Jay Smith: Eagles Are My Passion
Jay Smith roams our valleys and hills cataloging, protecting and photographing our growing eagle population. He is our peerless eagle scout. Jay lives in Proctor, Wes Virginia. He went to Magnolia high school. He is owner of Smith Photography and work as a volunteer for the WVDNR. Jay is married to Kathleen Smith.
Can you remember your earliest interest in birds?: My interest in birds came early in my life at 5 to 6 years old, roaming my grandparent’s 600 acre farm in Tyler County.
The hills, pastures, pond and creeks, held a wide variety of birds and wildlife.
Please share the evolution of your birding career. As a kid, I was always bringing abandoned eggs home to try to hatch them in my homemade incubator.
There were several birds that got their second chance hatching on Rebecca St. in New Martinsville.
Walk us through a typical day in the field. My typical day in the field during Bald Eagle nesting season usually is between 8 and 14 hours. I cover 6 counties in WV (the northern panhandle from Tyler County up to Hancock County) and 2 counties in Ohio (Monroe and Belmont counties). I have 17 nests at present that are active.
I usually spend 2 to 3 hours per nest every 1 to 2 weeks, more after hatching begins in mid-March. Hours of observation, from breeding activity/nest building in the beginning of February, to laying in mid-February, to hatching in mid-March, and then close monitoring of young eaglets (including head counts) to finally fledgling in mid-June to July. Binoculars, spotting scopes and long camera lenses are used for this to give the birds their space.
Eagles seem to be your focus. What are some facts about them most of us don’t know? Eagles are my passion. Some interesting facts about them are: They don’t get their white head and tail feathers until they are 5 years old. The females are on average about 20% larger than the males. Males and females have identical feather patterns and size is their only difference. It takes approximately 35 days for their eggs to hatch. They return to the same nest year after year if not disturbed. Eagle chicks are in the nest the longest time of any bird in WV (12 weeks), Eagles only use their nest during nesting season and a short time afterward. Only 50% of young eagles will survive their first year and this is part of the reason for the Bald Eagle’s slow recovery.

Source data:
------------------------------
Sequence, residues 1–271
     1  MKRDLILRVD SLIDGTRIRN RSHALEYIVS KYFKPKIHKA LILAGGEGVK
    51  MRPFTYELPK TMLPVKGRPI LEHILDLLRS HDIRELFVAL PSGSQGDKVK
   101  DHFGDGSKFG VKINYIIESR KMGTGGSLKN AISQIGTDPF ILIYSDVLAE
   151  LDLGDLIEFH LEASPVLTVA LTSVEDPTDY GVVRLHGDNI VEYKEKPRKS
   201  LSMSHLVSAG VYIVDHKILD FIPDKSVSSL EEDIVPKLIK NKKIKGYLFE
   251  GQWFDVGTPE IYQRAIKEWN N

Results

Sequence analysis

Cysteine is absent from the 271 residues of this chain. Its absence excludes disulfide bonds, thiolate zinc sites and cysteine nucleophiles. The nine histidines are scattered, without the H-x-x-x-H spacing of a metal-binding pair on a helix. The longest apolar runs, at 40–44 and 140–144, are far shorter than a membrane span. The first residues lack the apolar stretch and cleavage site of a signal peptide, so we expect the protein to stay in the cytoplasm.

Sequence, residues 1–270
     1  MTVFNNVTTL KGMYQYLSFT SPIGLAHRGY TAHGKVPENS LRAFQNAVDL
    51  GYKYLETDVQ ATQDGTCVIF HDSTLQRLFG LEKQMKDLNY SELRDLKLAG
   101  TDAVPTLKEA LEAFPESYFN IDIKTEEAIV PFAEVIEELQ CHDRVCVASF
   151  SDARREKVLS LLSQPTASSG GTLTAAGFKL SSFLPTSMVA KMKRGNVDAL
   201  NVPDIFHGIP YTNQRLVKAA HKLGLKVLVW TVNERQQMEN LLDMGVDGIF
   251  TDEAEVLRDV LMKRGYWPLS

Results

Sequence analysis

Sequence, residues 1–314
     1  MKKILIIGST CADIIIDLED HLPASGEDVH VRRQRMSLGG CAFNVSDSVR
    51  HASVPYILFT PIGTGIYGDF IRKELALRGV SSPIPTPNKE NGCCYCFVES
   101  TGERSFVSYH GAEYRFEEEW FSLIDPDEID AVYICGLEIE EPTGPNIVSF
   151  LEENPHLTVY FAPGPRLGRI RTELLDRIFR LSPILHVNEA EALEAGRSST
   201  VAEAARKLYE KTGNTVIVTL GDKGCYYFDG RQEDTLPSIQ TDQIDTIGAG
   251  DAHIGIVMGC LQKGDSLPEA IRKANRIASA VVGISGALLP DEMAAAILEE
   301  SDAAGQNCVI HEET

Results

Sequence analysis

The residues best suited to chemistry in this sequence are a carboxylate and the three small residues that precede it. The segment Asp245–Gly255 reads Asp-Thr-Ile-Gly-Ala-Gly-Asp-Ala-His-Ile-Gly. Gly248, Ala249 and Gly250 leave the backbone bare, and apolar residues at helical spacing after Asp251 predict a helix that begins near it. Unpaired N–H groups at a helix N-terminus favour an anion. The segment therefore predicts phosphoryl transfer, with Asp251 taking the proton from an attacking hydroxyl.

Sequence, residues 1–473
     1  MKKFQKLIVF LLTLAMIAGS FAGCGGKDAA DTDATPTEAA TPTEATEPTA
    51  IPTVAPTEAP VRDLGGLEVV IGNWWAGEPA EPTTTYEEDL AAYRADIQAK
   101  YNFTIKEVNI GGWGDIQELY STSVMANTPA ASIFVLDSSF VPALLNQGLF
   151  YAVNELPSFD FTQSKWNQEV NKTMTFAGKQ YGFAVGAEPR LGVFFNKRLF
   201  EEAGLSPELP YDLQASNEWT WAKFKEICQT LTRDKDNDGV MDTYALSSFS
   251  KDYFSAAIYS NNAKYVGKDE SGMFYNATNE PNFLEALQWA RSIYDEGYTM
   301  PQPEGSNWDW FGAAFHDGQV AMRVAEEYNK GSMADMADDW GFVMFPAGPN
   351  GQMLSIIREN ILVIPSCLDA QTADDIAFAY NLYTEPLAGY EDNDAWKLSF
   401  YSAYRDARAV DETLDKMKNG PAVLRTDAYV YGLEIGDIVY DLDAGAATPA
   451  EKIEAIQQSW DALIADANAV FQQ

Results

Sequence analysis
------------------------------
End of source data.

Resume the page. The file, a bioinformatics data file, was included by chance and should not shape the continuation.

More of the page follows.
What can we do to ensure that eagles continue to thrive in our area? First and foremost, give them their space during nesting season (federal law requires 330 feet distance from an active nest). Eagles will abandon their nest, with eggs or chicks, if pressured. Please remember that NO picture is worth an abandoned nest.
What do you estimate the population of eagles is in the Ohio Valley? Are there particular places where they thrive? Our Ohio Valley population is growing. In my 6 WV counties and 2 Ohio counties, there are 17 documented active nests with more undocumented nests not yet reported. There are numerous immature eagles (1 to 4 years old) in our area, all with changing feather patterns. Eagles thrive near water (creeks, rivers and lakes) because their diet is about 90% fish, when available.
Your photographs are exceptional. How did you develop your talent? I am a self-taught photographer. My first good cameras were entry-level film cameras (Pentax then Nikon), in 1970. I’ve owned many cameras through the years, from film to digital. I own 100’s of photography books where I learned most of the technical information needed to do my craft. Hundreds of thousands of photos later, I’m still learning new technologies.
Any tips on photographing our flying friends? Tips for eagle photography are, most importantly, spending the hours in the field necessary to learn the behaviors of Bald Eagles. Also, don’t crowd them, use a good camera, and the best lenses you can afford. Flying eagles are fast. Use a high shutter speed (1/2000th to 1/2500th of a second), aperture settings open enough to have ample light, and set your camera to Auto-ISO. One more thing, use your camera manual and, most importantly, get out and SHOOT LOTS OF PICTURES! I shoot on average between 300-500 pictures each day I’m in the field.
If you had one place on earth to witness birds, where would it be? For Bald Eagles it would definitely be Haines, Alaska in November. The Chilkat River Valley has the largest concentration of Bald Eagles in North America (between 2000-4000 each fall). The Chilkat Bald Eagle Preserve encompasses 49,320 acres where 3 rivers meet and don’t freeze in winter, and hold lots of salmon (their main diet in that location).
What are 3 books, birds and/or photography you would recommend? My suggestions are: #1. Sibley Guide to Birds, by David Sibley. The most comprehensive bird guide out there. #2. Silent Spring, by Rachel Carson. Still very relevant today, about saving the environment/planet/and all living things. #3. David Busch’s Guide to (your camera model) Digital SLR Photography, by David Busch. These guides are easy to understand. I buy one for every new camera body I purchase. You have to keep up with new technology.